How the Huffing for Stuffing turkey came to be.
Every Thanksgiving morning, I stand at the starting line of the Huffing for Stuffing race and wonder if my beak is straight, if my feathers are falling off, and if I’ll stay warm and itch-free. You see, I’m the official female turkey. And how I got here is quite a story.
As an attempt to fight off what some would refer to as “obesity” and to enjoy the mountains around this valley, I began exercising back in 2001. It turned out to be so pleasant that I took on multiple sports and was proud to be the worst at all of them. In 2007, to prove my lack of coordination to a few skeptics, I tore a very important part of my left knee and had to have my ACL replaced. Three months post-surgery, my physical therapist let me sign up for a new 5k called Huffing for Stuffing. It was my first road race and my first post-surgery adventure that didn’t involve solitary exercises in my lonely apartment.
I was ready for fresh air but didn’t feel up for competition, so I called the race director, John, to ask if slowpokes were welcome. Huffing for Stuffing was a family-friendly event and people of all abilities were going to participate, he said. My wounded legs and sad, little spirit were invigorated. For the first time in months, my smile lines hugged my lips.
The temperature was low on the day of the race, but it seemed like half of Bozeman was there. As the 5k began, all I could hear were the sounds of plodding feet, heavy breathing, and a faint clicking in my knee. I took in every sensation: the views of the sky and the Bridgers, the feeling of cold air in my lungs, the ache in my left leg. For 3.1 miles, I ran. One mile for each month I was out of surgery. I could not have been more joyful. Later in the week, I called John to thank him. I told him I would be forever loyal to Huffing for Stuffing and if he needed any help next year, he should call me.
A word of wisdom: If you offer support to the director of a big race, expect a phone call before the next competition. A few months after the race, John told me that the turkey everyone had to beat to win a prize was eight feet tall and ran five-minute miles, which did not please the people who ran a slightly above-average pace. They wanted to beat a turkey and earn their water bottles, gosh darn it! John was on the hunt for someone “with a turkey personality” who was “not too fast” who would be willing to take the role of female turkey. He thought I would be perfect for the job. It seemed like the perfect opportunity. I said yes.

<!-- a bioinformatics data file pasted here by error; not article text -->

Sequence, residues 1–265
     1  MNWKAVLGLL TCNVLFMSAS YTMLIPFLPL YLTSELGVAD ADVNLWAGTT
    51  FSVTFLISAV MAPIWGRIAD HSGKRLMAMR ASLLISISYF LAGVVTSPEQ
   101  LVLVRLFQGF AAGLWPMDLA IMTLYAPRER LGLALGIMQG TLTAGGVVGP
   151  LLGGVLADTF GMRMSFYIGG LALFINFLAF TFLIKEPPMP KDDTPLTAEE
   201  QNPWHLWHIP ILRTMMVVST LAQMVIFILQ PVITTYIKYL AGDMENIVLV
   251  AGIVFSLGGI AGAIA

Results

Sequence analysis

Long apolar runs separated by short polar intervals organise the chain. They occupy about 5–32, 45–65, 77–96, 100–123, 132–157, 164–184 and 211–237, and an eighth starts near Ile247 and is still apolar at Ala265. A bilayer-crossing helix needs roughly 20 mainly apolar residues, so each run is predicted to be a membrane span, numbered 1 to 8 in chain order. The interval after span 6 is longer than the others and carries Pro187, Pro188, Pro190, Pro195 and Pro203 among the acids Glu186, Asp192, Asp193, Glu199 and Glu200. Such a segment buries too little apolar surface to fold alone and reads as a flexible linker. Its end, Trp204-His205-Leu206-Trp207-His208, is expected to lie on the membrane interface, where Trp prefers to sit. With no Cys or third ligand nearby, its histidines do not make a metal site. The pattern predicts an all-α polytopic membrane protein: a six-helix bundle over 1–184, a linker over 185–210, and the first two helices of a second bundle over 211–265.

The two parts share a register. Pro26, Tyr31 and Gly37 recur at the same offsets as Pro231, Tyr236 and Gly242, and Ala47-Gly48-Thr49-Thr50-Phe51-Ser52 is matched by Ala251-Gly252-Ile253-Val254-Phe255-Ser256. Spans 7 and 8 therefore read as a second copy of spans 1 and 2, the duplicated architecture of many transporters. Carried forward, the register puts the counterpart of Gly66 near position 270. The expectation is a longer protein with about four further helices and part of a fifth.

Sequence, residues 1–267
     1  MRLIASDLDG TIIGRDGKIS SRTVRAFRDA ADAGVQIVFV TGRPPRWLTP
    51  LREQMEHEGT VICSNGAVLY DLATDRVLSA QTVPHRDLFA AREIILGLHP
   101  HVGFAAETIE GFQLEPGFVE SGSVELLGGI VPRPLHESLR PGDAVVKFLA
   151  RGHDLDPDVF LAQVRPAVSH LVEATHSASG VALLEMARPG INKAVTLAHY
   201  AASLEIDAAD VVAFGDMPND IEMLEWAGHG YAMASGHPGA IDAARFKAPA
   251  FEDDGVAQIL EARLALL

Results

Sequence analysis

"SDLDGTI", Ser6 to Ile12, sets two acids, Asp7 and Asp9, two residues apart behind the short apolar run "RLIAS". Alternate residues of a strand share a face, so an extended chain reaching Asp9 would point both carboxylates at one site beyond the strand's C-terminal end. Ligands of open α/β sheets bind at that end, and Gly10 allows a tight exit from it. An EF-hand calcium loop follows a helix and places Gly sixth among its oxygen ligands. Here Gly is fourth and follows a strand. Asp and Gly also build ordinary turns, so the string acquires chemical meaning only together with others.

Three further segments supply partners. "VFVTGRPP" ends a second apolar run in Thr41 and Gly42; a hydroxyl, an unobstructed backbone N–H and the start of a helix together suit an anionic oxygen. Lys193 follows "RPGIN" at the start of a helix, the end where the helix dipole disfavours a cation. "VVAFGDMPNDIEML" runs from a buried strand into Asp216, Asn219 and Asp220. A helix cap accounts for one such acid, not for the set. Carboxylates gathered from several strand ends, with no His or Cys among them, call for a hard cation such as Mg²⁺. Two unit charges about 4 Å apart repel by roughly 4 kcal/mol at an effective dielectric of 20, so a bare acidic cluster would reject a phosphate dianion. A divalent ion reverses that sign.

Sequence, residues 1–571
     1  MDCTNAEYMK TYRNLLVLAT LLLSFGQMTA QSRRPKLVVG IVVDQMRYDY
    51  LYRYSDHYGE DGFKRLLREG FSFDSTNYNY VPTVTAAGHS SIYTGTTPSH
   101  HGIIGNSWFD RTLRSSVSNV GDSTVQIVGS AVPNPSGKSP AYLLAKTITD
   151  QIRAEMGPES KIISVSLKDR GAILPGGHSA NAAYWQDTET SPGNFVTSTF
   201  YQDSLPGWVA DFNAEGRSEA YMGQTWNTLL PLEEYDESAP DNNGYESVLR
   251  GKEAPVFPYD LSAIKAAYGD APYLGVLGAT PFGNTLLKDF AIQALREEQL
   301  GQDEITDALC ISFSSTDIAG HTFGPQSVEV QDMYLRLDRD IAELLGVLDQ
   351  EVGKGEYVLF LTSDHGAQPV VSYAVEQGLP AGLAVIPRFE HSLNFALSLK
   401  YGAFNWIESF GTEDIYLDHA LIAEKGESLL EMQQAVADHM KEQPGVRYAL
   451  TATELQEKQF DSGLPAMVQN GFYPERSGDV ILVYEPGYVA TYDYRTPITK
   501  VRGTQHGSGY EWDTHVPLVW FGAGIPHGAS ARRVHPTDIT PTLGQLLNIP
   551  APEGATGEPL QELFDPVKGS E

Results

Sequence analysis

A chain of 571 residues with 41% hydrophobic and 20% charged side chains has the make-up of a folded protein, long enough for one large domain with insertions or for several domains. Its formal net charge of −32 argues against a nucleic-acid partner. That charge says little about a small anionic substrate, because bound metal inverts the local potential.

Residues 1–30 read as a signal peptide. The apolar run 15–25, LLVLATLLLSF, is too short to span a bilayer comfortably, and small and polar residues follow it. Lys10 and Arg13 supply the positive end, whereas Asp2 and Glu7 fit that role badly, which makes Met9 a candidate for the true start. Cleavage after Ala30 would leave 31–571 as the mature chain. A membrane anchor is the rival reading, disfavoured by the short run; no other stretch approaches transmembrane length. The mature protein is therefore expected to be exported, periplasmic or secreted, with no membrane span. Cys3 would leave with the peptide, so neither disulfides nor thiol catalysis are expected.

I had no idea what I was in for. As I waited for the kids’ run to begin, women asked me, “Are you the official female turkey I have to beat to get a prize?” When I said yes, they would yell to their friends. “Hey Claire! We can totally beat this turkey! That prize is ours!”
I also didn’t consider the distance between Bozeman and Disneyland. In snowy November, posing for a picture with the turkey was as close as some kids would get to The Happiest Place on Earth. I don’t mean to flatter myself with Mickey Mouse status, but I’ve heard many times, “Darling, go stand in that snow pile with the turkey while I take your picture... Smile!”
A turkey costume is also a great way to pick up chicks, pardon the pun. In my turkey outfit, I attract more women than a man with a pink wallet. Running hotties flock to me! They want photos, they want to know what the prize is, and they want to know, more than anything, the pace at which I run. They love finding out I’m “not too fast.” In 2010, there were television appearances, a farmers’ market event, and major improvements to the costume.
I come from a long line of odd ducks, so it’s not surprising that as an adult I would waddle into the position of turkey mascot. But this year, I’ve been promoted to volunteer coordinator. So if you want to have a volunteer adventure, ask me if I need anything.